Social and behavioural factors associated with frailty trajectories in a population-based cohort of older adults

Alanna Chamberlain, Jennifer St. Sauver, Debra J. Jacobson, Sheila M. Manemann, Chun Fan, Veronique Lee Roger, Barbara P. Yawn, Lila J Rutten

Research output: Contribution to journalArticle

21 Citations (Scopus)

Abstract

OBJECTIVE: The goal of this study was to identify distinct frailty trajectories (clusters of individuals following a similar progression of frailty over time) in an ageing population and to determine social and behavioural factors associated with frailty trajectories.

DESIGN: Population-based cohort study.

SETTING: Olmsted County, Minnesota.

PARTICIPANTS: Olmsted County, Minnesota residents aged 60-89 in 2005.

PRIMARY OUTCOME MEASURE: Changes in frailty over an 8-year period from 2005 to 2012, measured by constructing a yearly frailty index. Frailty trajectories by decade of age were determined using k-means cluster modelling for longitudinal data.

RESULTS: After adjustment for age and sex, all social and behavioural factors (education, marital status, living arrangements, smoking status and alcohol use) were significantly associated with frailty trajectories in those aged 60-69 and 70-79 years. After further adjustment for baseline frailty, the likelihood of being in the high frailty trajectory was greatest among those reporting concerns from relatives/friends about alcohol consumption (OR (95% CI) 2.26 (1.19 to 4.29)) and those with less than a high school education (OR (95% CI) 1.98 (1.32 to 2.96)) in the 60-69 year olds. In the 70-79 year olds, the largest associations were observed among those with concerns from oneself about alcohol consumption (OR (95% CI) 1.92 (1.23 to 3.00)), those with less than a high school education (OR (95% CI) 1.57 (1.12 to 2.22)), and those living with family (vs spouse; OR (95% CI) 1.76 (1.05 to 2.94)). No factors remained associated with frailty trajectories in the 80-89 year olds after adjustment for baseline frailty.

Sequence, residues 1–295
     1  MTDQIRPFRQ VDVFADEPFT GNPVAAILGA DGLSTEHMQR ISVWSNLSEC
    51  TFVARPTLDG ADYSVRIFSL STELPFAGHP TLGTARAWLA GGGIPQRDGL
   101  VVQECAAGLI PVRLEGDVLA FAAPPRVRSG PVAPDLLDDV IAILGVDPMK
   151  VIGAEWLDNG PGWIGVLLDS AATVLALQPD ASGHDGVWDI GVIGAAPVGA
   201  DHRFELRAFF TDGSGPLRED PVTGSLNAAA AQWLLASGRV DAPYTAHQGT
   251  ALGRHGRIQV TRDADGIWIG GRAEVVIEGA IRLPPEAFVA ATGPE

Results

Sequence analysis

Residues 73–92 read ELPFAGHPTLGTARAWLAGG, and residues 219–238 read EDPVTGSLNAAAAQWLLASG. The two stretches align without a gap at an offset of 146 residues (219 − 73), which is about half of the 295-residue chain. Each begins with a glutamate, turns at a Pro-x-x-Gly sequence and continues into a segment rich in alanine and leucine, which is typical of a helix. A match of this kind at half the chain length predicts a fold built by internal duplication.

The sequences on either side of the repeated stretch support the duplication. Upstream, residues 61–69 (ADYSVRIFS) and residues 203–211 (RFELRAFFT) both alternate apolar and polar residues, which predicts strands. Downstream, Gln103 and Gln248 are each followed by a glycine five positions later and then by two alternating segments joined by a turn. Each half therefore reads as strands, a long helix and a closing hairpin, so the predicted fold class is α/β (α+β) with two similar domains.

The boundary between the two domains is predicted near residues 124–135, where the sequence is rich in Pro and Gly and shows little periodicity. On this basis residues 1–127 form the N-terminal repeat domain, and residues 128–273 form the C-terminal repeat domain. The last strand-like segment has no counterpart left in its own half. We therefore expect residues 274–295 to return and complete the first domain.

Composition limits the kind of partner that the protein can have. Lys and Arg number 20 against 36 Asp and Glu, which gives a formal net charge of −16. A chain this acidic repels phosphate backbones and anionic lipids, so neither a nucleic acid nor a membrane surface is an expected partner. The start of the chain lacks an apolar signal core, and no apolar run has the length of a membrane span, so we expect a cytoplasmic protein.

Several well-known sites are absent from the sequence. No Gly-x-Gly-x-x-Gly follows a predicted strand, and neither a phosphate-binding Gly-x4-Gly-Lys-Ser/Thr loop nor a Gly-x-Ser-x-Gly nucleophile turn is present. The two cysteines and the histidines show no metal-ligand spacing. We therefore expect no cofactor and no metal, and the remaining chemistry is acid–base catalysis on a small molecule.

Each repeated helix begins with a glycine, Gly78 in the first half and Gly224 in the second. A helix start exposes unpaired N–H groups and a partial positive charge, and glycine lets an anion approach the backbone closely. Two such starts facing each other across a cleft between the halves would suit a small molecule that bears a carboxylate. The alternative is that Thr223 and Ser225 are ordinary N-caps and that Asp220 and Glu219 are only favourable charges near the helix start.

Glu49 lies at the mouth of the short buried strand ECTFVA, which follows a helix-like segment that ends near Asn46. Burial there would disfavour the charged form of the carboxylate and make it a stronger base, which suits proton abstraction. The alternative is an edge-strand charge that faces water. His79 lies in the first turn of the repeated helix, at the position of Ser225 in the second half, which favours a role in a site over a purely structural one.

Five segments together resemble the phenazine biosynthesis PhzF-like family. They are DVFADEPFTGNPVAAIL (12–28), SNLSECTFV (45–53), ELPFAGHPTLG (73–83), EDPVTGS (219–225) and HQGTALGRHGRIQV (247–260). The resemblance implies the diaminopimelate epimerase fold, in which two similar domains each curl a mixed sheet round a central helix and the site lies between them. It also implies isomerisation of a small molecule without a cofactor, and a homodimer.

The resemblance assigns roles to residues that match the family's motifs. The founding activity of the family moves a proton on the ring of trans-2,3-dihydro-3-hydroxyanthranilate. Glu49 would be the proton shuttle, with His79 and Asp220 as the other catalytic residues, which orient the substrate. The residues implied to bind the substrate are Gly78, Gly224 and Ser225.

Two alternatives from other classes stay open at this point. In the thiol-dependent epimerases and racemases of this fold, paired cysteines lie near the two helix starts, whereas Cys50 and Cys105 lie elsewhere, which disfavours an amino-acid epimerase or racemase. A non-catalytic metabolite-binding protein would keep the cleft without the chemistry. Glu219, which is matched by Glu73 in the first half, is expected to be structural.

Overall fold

CONCLUSIONS: Social and behavioural factors are associated with frailty, with stronger associations observed in younger ages. Recognition of social and behavioural factors associated with increasing frailty may inform interventions for individuals at risk of worsening frailty, specifically when targeted at younger individuals.

Original languageEnglish (US)
Pages (from-to)e011410
JournalBMJ Open
Volume6
Issue number5
DOIs
StatePublished - May 27 2016

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Education
Alcohol Drinking
Population
Marital Status
Spouses
Cohort Studies
Smoking
Alcohols

Keywords

  • aging
  • frailty
  • population research
  • social factors

ASJC Scopus subject areas

  • Medicine(all)

Cite this

Social and behavioural factors associated with frailty trajectories in a population-based cohort of older adults. / Chamberlain, Alanna; St. Sauver, Jennifer; Jacobson, Debra J.; Manemann, Sheila M.; Fan, Chun; Roger, Veronique Lee; Yawn, Barbara P.; Rutten, Lila J.

In: BMJ Open, Vol. 6, No. 5, 27.05.2016, p. e011410.

Research output: Contribution to journalArticle